(Photo: Reuters/Beck Diefenbach)
Former NFL quarterback Kurt Warner had some words of advice for Denver Broncos quarterback Tim Tebow, suggesting that the outspoken Christian ditch the overtly religious symbolism during games.
Warner is not just another naysayer, rather he speaks from personal experience.
After winning the 2000 Super Bowl with the St. Louis Rams, Warner famously said "thank you Jesus," which sparked a career chockfull of on-camera religious statements.
It is something Warner does not want to see from Tebow.
"There's almost a faith cliche, where (athletes) come out and say, 'I want to thank my Lord and savior,' " Warner told The Arizona Republic. "As soon as you say that, the guard goes up, the walls go up, and I came to realize you have to be more strategic."
It is not the first time Tebow’s faith has been brought up in NFL circles.
"I think he's a winner, and I respect that about him," former Broncos quarterback Jake Plummer previously said. "I think that when he accepts the fact that we know that he loves Jesus Christ, then I think I'll like him even better."
"I don't hate him because of that. I just would rather not have to hear that every single time he takes a good snap or makes a good handoff," Plummer continued.
Plummer's comments set off a firestorm of back-and-forth comments between Tebow supporters and those who do not want to mix religion and sports.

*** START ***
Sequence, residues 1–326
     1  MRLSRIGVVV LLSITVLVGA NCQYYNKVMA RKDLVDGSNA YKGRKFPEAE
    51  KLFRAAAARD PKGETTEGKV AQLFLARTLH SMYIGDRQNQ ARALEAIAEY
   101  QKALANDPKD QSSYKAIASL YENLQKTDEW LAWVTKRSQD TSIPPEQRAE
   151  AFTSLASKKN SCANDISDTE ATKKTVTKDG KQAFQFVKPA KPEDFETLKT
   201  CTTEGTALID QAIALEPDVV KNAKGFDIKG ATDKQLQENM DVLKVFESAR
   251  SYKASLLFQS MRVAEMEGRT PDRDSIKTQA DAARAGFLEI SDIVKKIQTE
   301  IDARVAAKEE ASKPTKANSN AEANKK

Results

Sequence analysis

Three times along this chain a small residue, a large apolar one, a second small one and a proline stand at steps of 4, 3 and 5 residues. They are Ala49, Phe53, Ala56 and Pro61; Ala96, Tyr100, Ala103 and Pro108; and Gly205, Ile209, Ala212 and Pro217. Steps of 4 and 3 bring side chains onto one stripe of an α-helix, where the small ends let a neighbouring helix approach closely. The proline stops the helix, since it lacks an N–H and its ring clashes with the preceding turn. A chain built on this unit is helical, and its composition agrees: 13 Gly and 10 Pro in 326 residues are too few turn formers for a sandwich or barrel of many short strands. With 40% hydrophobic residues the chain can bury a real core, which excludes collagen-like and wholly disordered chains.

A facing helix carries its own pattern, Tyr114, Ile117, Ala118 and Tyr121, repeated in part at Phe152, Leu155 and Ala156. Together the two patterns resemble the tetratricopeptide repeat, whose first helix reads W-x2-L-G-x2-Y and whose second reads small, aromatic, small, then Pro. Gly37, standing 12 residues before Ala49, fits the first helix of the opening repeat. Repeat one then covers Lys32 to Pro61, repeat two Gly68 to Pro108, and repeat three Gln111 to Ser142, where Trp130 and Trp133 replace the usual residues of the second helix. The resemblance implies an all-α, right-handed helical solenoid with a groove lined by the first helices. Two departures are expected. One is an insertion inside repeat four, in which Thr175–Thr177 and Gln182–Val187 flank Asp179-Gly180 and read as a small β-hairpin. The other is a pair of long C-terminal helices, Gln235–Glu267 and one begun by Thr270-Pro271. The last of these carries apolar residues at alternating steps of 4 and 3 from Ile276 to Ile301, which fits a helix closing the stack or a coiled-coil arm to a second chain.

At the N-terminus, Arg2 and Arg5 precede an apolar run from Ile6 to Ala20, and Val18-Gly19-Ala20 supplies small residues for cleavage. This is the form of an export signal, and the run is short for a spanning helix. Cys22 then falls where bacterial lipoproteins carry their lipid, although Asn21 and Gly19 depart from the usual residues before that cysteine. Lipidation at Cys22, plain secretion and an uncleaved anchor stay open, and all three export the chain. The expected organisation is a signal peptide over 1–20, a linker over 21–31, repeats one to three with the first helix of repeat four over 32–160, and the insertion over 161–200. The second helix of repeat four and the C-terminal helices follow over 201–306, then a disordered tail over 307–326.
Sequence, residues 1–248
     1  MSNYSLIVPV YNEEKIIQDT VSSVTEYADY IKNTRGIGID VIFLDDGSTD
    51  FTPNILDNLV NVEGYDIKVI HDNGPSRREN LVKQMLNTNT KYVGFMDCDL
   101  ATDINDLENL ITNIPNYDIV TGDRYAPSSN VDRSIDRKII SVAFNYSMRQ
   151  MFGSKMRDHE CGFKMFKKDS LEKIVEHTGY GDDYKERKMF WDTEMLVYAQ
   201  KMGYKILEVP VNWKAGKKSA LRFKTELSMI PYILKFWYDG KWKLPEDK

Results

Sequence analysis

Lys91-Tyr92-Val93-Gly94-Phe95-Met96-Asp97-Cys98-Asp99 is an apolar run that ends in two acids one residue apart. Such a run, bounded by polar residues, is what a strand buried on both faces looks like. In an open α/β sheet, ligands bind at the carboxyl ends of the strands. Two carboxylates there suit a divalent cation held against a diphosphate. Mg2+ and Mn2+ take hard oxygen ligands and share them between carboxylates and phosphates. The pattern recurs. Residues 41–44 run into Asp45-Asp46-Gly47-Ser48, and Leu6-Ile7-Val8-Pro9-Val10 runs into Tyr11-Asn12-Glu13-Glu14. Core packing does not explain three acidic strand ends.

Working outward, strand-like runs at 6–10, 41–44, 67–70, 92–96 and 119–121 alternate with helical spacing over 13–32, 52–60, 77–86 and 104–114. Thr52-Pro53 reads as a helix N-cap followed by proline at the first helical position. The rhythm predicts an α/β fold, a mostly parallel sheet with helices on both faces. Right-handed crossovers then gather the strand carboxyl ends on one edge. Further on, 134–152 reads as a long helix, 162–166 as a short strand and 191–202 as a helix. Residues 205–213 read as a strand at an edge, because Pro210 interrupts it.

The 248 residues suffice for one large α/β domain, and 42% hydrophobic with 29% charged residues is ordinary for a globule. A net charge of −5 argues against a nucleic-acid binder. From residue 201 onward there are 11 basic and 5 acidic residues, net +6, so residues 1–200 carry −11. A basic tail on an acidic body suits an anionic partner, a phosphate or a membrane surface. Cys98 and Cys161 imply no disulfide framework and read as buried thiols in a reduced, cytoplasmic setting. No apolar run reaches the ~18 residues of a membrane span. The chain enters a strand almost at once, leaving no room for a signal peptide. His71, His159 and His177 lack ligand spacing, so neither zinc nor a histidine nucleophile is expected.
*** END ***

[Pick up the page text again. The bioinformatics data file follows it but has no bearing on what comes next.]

But Warner's remarks come from a sense of mentoring the young quarterback.
"The greatest impact you can have on people is never what you say, but how you live," Warner told The Arizona Republic. "When you speak and represent the person of Jesus Christ in all actions of your life, people are drawn to that. You set the standard with your actions. The words can come after."
Tebow's habit of bending his knee and bowing his head in prayer after scoring or making a big play became an Internet craze as people took to "Tebowing," or mimicking the pose.
The move also was used to taunt the quarterback after opposing teams made big plays or stopped an offensive drive.
Detroit Lions linebacker Stephen Tulloch drew ire when he "Tebowed" after sacking the Broncos quarterback during a game several weeks ago.
Tebow was quick to defend the opposing linebacker's actions.
"He was just celebrating, having fun with his teammates and I don't take offense to that," Tebow previously told the AP.
It is unclear how Tebow will respond to the public comments made by Warner, but religion is likely to remain a significant part of Tebows public and private life.
"It is the most important thing in my life," Tebow told ESPN. "Any time I get an opportunity to tell him I love him or get the opportunity to shout him out on national TV I am going to take it ... Any time I get the opportunity to give the Lord some praise he is due for it because of what he did for me and what he did for all of us."
Watch Warner's 2000 Super Bowl speech below.